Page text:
On this page, you'll find all kinds of trusted resources, courses, books, guidance and tools to help you become a better investor.
This section will provide you with trusted resources to help you find investing ideas.
Barron's Magazine is a periodical I read every single week and find it to be a great source of information about what's going on in the world, and specific investment ideas. One of my highest-return investments came from an article in Barron's, and I recommend it for anyone as a great resource.
Gurufocus.com is a fantastic website for all kinds of investing information. They have data going back 20 years (by subscription) for companies. I use their company financial information in my analysis.
The Manual of Ideas is one of the best value-investing newsletters (and a book) out there.
Many value fund investors use this newsletter to source deep-value ideas. The creator, John Mihaljevic, and his team scour the investment universe to source the ideas in the newsletter.
If you are interested in the book, I highly recommend it. Of many things you will learn, one of the most important is that John covers a lot of the ponds that value investors fish in.
Increase Your Income:
This section will provide you with trusted resources to help you earn more money. Increasing your income and reducing your expenses leads to more invest-able cash.
Ramit Sethi has created one of the most successful courses that teach people to earn money on the side. The course is called Earn $1k, as earning an extra thousand per month is the initial goal, but many students go on to earn significantly more than that!
Here are some conferences you can attend to be around investors that operate at an elite level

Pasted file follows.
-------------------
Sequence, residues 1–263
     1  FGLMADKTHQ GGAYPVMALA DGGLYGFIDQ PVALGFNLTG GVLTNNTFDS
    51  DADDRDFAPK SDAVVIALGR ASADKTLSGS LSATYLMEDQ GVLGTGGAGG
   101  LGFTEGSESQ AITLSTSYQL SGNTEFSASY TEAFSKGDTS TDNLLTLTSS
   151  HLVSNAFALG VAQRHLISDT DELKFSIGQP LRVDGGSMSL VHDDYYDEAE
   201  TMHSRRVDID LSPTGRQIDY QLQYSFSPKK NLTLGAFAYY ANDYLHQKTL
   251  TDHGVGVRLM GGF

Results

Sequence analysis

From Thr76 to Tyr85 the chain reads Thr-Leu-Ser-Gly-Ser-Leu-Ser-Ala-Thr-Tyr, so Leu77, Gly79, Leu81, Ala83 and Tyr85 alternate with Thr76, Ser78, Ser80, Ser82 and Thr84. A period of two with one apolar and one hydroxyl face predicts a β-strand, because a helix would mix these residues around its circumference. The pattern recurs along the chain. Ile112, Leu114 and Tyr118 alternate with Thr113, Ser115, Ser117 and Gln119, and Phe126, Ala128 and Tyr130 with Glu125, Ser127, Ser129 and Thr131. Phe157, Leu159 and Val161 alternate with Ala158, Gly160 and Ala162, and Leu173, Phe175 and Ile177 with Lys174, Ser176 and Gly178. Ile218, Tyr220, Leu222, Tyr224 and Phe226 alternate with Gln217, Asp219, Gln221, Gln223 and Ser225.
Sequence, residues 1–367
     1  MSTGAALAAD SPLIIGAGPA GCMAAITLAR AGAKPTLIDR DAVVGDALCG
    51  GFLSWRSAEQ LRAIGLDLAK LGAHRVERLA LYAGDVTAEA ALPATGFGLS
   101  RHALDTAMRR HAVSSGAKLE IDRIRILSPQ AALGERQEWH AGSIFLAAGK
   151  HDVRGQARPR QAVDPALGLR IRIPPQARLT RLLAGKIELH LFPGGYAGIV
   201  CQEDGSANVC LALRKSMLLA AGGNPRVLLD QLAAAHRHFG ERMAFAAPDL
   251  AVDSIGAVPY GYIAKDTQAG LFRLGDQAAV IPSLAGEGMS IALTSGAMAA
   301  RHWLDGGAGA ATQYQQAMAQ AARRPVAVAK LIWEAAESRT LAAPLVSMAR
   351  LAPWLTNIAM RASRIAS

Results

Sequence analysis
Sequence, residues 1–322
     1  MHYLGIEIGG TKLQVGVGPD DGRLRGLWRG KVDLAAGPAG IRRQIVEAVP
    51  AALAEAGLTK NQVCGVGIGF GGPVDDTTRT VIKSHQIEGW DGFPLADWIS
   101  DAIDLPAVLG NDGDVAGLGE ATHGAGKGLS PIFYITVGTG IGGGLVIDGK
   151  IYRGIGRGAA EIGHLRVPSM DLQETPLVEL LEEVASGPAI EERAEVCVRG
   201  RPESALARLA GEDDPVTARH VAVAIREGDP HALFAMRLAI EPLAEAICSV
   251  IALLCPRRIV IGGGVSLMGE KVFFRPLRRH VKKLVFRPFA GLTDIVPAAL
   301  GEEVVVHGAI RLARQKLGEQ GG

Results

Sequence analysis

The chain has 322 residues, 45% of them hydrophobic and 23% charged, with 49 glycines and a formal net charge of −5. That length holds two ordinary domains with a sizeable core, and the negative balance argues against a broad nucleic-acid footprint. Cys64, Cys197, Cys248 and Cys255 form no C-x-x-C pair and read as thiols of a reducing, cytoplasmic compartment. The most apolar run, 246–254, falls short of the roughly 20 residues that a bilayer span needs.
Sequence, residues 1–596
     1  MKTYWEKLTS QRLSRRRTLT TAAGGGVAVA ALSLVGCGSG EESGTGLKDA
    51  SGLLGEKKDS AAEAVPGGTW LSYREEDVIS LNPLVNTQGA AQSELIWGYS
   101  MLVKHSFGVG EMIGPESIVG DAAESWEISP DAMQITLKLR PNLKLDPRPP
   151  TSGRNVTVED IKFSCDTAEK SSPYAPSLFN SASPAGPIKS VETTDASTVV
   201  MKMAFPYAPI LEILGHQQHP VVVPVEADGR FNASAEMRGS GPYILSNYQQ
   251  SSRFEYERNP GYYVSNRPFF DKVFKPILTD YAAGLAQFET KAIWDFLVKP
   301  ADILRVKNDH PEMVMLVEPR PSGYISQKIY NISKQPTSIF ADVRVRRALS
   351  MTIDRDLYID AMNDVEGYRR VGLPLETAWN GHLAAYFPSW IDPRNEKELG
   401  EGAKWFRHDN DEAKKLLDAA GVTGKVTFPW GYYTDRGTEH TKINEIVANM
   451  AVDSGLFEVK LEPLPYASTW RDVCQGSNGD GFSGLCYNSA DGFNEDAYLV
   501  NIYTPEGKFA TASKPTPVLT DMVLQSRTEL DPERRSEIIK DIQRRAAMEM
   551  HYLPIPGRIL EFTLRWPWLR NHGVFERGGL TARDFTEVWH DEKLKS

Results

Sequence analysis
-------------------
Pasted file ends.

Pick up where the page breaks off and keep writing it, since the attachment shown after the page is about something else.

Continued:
If you are looking for a conference to go to on your continent that will be full of value-investors, look no further than ValueConferences.
These conferences are chock full of expert instruction, variant views, and money-making ideas.
Conferences include: European Investing Summit, Best Ideas, Asian Investing Summit, and Wide-Moat Investing Summit.
I've attended the Value Investing Congress in the past and find it to be one of the most useful conferences. You can mix it up with high-quality investors, share ideas, and usually come away with a great story or two.
Here is a list of investing books in my personal library. Suggested reading? All of them!
The Intelligent Investor: The Definitive Book on Value Investing. A Book of Practical Counsel (Revised Edition) (Collins Business Essentials)The Intelligent Investor" is the book that started it all. Written by the godfather of investing, Benjamin Graham, this book gave birth to an entire class of value investors.
Graham was Warren Buffett's mentor, and a major reason for the tremendous start Buffett had as an investor.
This is the first book to read if you are serious about learning to invest for yourself.
Common Stocks and Uncommon Profits and Other Writings (Wiley Investment Classics) was another volume that Buffett found early on and was influenced by.
Philip Fisher's investing classic introduces the concept of "scuttlebutt" as a way to gather information about a company, its suppliers, customers, and products.
Put this one at the top of your list along with the Intelligent Investor.
Ever heard of a "10 bagger?" It was Peter Lynch who described a 10x return in such terms.
Yet another classic investing book, Lynch was known for investing in high-growth companies such as retail store chains (before the internet began eating them alive).